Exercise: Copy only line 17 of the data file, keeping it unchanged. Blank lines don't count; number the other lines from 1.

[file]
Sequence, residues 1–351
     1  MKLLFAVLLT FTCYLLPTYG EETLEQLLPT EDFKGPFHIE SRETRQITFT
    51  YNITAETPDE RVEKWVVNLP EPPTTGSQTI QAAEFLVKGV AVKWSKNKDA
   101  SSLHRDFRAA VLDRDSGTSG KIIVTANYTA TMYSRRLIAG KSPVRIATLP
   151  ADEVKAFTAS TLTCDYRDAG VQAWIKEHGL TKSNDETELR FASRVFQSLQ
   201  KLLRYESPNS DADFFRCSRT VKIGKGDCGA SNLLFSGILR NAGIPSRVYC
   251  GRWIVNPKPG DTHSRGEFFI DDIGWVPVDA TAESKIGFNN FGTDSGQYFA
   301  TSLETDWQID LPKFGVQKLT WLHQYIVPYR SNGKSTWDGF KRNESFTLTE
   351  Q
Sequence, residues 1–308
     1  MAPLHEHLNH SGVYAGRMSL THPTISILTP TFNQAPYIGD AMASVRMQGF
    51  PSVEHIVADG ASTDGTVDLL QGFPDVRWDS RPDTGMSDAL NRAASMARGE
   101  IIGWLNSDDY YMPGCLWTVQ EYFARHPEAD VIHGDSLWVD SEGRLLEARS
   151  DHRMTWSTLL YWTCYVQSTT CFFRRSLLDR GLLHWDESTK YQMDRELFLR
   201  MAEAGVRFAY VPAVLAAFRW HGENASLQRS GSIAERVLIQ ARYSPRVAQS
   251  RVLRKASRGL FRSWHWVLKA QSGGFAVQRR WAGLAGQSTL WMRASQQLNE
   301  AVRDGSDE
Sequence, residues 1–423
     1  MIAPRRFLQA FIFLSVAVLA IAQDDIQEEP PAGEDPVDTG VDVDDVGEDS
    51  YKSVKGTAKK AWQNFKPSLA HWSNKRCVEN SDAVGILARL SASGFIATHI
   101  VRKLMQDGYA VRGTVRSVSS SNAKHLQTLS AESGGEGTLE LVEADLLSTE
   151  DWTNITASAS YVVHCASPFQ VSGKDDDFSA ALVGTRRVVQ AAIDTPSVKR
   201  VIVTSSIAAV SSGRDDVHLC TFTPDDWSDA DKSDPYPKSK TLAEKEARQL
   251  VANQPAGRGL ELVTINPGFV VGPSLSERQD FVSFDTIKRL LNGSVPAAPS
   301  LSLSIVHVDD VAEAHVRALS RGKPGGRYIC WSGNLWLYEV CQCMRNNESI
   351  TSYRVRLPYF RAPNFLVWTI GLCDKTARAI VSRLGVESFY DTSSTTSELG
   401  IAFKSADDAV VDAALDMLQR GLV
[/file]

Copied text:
   301  AVRDGSDE